Midlife perceived stress is associated with cognitive decline across three decades

Dinne Skjærlund Christensen*, Ellen Garde, Hartwig Roman Siebner, Erik Lykke Mortensen

*Corresponding author af dette arbejde

Publikation: Bidrag til tidsskrift/Konferencebidrag i tidsskrift /Bidrag til avisTidsskriftartikelForskningpeer review


Background: Research indicates detrimental effects of stress on brain health and cognitive functioning, but population-based studies using comprehensive measures of cognitive decline is lacking. The present study examined the association of midlife perceived stress with cognitive decline from young adulthood to late midlife, controlling for early life circumstances, education and trait stress (neuroticism). Methods: The sample consisted of 292 members of the Copenhagen Perinatal Cohort (1959–1961) with continued participation in two subsequent follow-up studies. Cognitive ability was assessed in young adulthood (mean age 27 years) and midlife (mean age 56 years) using the full Wechsler Adult Intelligence Scale (WAIS), and perceived stress was measured at midlife using the Perceived Stress Scale. The association of midlife perceived stress with decline in Verbal, Performance and Full-Scale IQ was assessed in multiple regression models based on Full Information Maximum Likelihood estimation. Results: Over a mean retest interval of 29 years, average decline in IQ score was 2.42 (SD 7.98) in Verbal IQ and 8.87 (SD 9.37) in Performance IQ. Mean decline in Full-scale IQ was 5.63 (SD 7.48), with a retest correlation of 0.83. Controlling for parental socio-economic position, education and young adult IQ, higher perceived stress at midlife was significantly associated with greater decline in Verbal (β = − 0.012), Performance (β = − 0.025), and Full-scale IQ (β = − 0.021), all p <.05. Across IQ scales, additionally controlling for neuroticism in young adulthood and change in neuroticism had only minor effects on the association of midlife perceived stress with decline. Conclusions: Despite very high retest correlations, decline was observed on all WAIS IQ scales. In fully adjusted models, higher midlife perceived stress was associated with greater decline on all scales, indicating a negative association of stress with cognitive ability. The association was strongest for Performance and Full-scale IQ, perhaps reflecting the greater decline on these IQ scales compared to Verbal IQ.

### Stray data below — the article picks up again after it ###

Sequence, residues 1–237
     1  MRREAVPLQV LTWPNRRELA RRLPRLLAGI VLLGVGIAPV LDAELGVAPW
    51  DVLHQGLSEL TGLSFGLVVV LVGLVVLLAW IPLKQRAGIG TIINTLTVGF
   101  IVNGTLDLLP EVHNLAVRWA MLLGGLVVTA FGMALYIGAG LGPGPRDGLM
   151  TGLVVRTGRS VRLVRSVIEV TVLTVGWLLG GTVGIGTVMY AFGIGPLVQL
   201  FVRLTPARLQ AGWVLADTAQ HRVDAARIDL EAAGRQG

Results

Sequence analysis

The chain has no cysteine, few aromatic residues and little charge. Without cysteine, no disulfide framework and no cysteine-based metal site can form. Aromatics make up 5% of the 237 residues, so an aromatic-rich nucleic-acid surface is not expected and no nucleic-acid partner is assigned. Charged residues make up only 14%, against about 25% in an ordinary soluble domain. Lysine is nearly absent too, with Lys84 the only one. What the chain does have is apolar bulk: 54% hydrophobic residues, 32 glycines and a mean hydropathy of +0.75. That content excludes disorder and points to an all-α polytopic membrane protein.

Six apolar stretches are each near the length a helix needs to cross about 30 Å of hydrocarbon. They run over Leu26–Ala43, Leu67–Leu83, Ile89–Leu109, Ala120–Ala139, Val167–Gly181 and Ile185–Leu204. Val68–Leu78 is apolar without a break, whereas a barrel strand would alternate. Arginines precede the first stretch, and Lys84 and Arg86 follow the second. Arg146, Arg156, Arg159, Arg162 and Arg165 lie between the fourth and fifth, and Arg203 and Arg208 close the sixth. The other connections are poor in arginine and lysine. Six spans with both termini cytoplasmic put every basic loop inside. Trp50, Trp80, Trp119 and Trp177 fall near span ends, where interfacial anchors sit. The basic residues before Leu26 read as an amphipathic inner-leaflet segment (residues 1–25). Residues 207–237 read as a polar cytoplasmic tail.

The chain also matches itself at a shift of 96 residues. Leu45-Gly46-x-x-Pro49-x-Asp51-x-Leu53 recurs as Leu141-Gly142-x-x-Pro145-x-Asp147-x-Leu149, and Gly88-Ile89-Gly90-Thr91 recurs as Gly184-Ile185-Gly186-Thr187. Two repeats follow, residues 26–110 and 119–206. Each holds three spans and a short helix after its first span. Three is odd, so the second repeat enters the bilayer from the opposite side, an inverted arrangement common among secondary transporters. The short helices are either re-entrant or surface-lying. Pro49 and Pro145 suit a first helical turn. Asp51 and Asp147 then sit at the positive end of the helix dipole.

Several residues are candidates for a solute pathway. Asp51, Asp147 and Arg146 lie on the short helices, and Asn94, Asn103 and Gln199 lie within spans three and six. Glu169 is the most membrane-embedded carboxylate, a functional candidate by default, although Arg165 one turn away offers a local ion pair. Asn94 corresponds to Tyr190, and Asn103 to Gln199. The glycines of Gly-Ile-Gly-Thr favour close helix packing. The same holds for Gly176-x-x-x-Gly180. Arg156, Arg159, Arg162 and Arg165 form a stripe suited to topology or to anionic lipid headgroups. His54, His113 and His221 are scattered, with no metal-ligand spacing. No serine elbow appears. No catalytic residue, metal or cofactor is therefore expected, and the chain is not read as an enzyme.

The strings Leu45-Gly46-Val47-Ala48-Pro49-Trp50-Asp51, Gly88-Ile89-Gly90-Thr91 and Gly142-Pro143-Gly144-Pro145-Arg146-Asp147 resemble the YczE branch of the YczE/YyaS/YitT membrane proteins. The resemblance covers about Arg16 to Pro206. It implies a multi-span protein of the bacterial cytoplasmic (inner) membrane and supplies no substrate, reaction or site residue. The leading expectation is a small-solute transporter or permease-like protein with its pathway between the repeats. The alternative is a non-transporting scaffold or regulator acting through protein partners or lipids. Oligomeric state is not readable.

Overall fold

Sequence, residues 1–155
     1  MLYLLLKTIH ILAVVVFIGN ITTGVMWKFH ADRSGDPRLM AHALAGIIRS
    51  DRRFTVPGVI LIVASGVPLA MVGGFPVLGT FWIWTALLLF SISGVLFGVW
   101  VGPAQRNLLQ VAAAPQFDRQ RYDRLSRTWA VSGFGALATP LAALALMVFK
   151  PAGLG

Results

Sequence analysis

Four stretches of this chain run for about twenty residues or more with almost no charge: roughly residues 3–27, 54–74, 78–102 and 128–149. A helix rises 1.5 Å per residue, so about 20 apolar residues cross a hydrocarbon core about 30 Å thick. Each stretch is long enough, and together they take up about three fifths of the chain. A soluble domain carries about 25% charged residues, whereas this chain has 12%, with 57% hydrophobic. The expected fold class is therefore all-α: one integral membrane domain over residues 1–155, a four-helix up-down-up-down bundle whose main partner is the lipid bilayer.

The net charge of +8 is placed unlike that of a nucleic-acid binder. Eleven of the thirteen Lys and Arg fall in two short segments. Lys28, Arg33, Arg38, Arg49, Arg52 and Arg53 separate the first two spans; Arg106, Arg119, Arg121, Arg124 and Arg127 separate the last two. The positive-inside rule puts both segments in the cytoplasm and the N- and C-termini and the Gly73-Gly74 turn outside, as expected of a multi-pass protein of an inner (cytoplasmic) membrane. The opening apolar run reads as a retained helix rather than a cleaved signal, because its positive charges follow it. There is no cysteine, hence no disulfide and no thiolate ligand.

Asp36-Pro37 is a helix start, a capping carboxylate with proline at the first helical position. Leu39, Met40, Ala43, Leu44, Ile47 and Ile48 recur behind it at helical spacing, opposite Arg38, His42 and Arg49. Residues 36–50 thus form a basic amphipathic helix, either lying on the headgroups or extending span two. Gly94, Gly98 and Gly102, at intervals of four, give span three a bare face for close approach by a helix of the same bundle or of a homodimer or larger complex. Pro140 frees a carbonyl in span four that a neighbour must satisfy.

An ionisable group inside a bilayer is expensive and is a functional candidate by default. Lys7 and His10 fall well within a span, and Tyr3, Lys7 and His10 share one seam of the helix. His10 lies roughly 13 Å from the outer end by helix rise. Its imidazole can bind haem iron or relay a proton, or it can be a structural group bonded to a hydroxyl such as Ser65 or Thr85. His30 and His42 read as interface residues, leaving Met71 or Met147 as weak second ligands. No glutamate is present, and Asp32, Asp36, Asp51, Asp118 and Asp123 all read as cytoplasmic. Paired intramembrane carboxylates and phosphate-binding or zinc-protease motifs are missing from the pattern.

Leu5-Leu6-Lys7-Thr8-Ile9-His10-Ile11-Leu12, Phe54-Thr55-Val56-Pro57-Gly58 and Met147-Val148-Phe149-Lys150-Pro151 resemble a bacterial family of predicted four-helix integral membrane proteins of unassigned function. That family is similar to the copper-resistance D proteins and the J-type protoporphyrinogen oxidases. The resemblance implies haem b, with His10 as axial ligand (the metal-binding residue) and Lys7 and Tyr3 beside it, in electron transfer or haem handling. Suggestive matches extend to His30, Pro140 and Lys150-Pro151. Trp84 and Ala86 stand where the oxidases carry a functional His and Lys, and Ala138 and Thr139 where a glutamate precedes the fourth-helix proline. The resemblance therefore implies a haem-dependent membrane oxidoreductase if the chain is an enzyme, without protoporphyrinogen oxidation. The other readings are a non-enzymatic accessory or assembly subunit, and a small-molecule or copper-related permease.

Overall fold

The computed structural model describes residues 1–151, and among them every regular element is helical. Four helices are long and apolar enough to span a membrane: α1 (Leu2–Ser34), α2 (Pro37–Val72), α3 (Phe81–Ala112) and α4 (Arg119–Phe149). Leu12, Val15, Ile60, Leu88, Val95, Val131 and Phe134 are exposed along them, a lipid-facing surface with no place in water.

TidsskriftBMC Geriatrics
StatusUdgivet - mar. 2023


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